## The following are equivalent

I have been reviewing Rosen’s Discrete Mathematics and Its Applications textbook for a course this fall, and I noticed an interesting potential pitfall for students in the first chapter on logic and proofs.

Many theorems in mathematics are of the form, “ $p$ if and only if $q$,” where $p$ and $q$ are logical propositions that may be true or false.  For example:

Theorem 1: An integer $m$ is even if and only if $m+2$ is even.

where in this case $p$ is “ $m$ is even” and $q$ is “ $m+2$ is even.”  The statement of the theorem may itself be viewed as a proposition $p \leftrightarrow q$, where the logical connective $\leftrightarrow$ is read “if and only if,” and behaves like Boolean equality.  Intuitively, $p \leftrightarrow q$ states that “ $p$ and $q$ are (materially) equivalent; they have the same truth value, either both true or both false.”

(Think Boolean expressions in your favorite programming language; for example, the proposition $p \land q$, read “ $p$ and $q$,” looks like p && q in C++, assuming that p and q are of type bool.  Similarly, the proposition $p \leftrightarrow q$ looks like p == q in C++.)

Now consider extending this idea to the equivalence of more than just two propositions.  For example:

Theorem 2: Let $m$ be an integer.  Then the following are equivalent:

1. $m$ is even.
2. $m+2$ is even.
3. $m-2$ is even.

The idea is that the three propositions above (let’s call them $p_1, p_2, p_3$) always have the same truth value; either all three are true, or all three are false.

So far, so good.  The problem arises when Rosen expresses this general idea of equivalence of multiple propositions $p_1, p_2, \ldots, p_n$ as $p_1 \leftrightarrow p_2 \leftrightarrow \ldots \leftrightarrow p_n$

Puzzle: What does this expression mean?  A first concern might be that we need parentheses to eliminate any ambiguity.  But almost unfortunately, it can be shown that the $\leftrightarrow$ connective is associative, meaning that this is a perfectly well-formed propositional formula even without parentheses.  The problem is that it doesn’t mean what it looks like it means.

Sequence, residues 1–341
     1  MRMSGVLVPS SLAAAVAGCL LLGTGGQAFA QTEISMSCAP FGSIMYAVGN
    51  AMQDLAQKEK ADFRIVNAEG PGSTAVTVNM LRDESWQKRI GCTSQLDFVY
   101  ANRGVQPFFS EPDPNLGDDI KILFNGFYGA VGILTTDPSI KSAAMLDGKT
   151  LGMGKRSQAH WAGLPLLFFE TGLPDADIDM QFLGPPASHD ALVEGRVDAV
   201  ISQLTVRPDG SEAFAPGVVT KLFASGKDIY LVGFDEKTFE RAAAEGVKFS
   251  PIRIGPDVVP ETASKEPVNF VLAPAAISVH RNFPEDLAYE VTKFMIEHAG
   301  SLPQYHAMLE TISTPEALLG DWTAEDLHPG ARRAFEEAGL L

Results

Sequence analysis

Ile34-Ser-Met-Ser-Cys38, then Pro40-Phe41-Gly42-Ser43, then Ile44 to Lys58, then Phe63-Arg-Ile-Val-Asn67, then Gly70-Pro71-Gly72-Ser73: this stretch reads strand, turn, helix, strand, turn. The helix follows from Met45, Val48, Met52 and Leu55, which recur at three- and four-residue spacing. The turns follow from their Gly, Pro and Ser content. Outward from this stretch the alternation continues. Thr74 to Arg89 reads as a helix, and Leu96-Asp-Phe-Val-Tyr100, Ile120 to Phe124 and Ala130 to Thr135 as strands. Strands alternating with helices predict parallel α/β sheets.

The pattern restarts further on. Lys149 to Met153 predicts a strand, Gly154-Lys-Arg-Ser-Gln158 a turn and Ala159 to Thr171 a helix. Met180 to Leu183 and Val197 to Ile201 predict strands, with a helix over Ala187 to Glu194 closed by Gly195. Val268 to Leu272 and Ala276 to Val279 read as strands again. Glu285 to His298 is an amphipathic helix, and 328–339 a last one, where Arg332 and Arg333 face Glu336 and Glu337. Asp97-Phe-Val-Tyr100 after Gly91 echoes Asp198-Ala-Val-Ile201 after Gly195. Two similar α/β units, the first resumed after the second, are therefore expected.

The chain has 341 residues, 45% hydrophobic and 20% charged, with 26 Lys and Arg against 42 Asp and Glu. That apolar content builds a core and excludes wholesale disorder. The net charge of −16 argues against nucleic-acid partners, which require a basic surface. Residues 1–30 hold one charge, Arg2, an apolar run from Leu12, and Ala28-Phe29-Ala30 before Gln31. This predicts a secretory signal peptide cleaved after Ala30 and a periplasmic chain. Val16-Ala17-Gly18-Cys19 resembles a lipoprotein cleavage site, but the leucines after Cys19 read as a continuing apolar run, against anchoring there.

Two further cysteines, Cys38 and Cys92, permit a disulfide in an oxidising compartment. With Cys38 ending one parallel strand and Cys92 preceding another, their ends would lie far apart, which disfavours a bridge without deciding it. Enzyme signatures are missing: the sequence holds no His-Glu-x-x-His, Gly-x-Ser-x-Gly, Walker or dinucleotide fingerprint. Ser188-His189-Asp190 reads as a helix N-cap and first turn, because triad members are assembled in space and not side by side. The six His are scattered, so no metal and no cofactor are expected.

Reference:

• Rosen, K. H. (2011). Discrete Mathematics and Its Applications (7th ed.). New York, NY: McGraw-Hill. ISBN-13: 978-0073383095
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### 4 Responses to The following are equivalent

1. Chris Wellons says:

Is this related to the problem of expressions like “-3 < -2 < -1" resulting in false in most programming languages? I've had more than one mentee make this error.

• possiblywrong says:

Yes and no :). No, in the sense that your example is a problem in most languages (like C++) because of Boolean promotion, but in this case the values being compared are already Boolean.

Yes, in the sense that the corresponding C++ expression (p == p == p == … == p[n]), where the p[k] are of type bool, has the same problem as Rosen’s notation; this “looks” like it might evaluate to true iff all of the p[k] are equal and false otherwise, but it doesn’t.

The *intended* meaning of this expression is essentially how Python treats chained comparisons, with an implicit AND stuck in between each consecutive binary comparison.

2. Alex Nelson says:

I thought $p_1 \leftrightarrow p_2 \leftrightarrow \ldots \leftrightarrow p_n$ was short hand for $(p_1 \leftrightarrow p_2) \land (p_{2} \leftrightarrow p_{3}) \land \ldots \land (p_{n-1} \leftrightarrow p_n)$

• possiblywrong says:

Right! The problem, IMO, is that this is never mentioned anywhere in the text, and to a student, it isn’t clear that this is “special” notation, since it’s well-formed as is. Rosen even follows up with the tautology justifying the usual “chain-of-implications” approach to proving equivalences like this, formatted as: $p_1 \leftrightarrow p_2 \leftrightarrow \ldots \leftrightarrow p_n \leftrightarrow (p_1 \to p_2) \land (p_2 \to p_3) \land \ldots \land (p_n \to p_1)$

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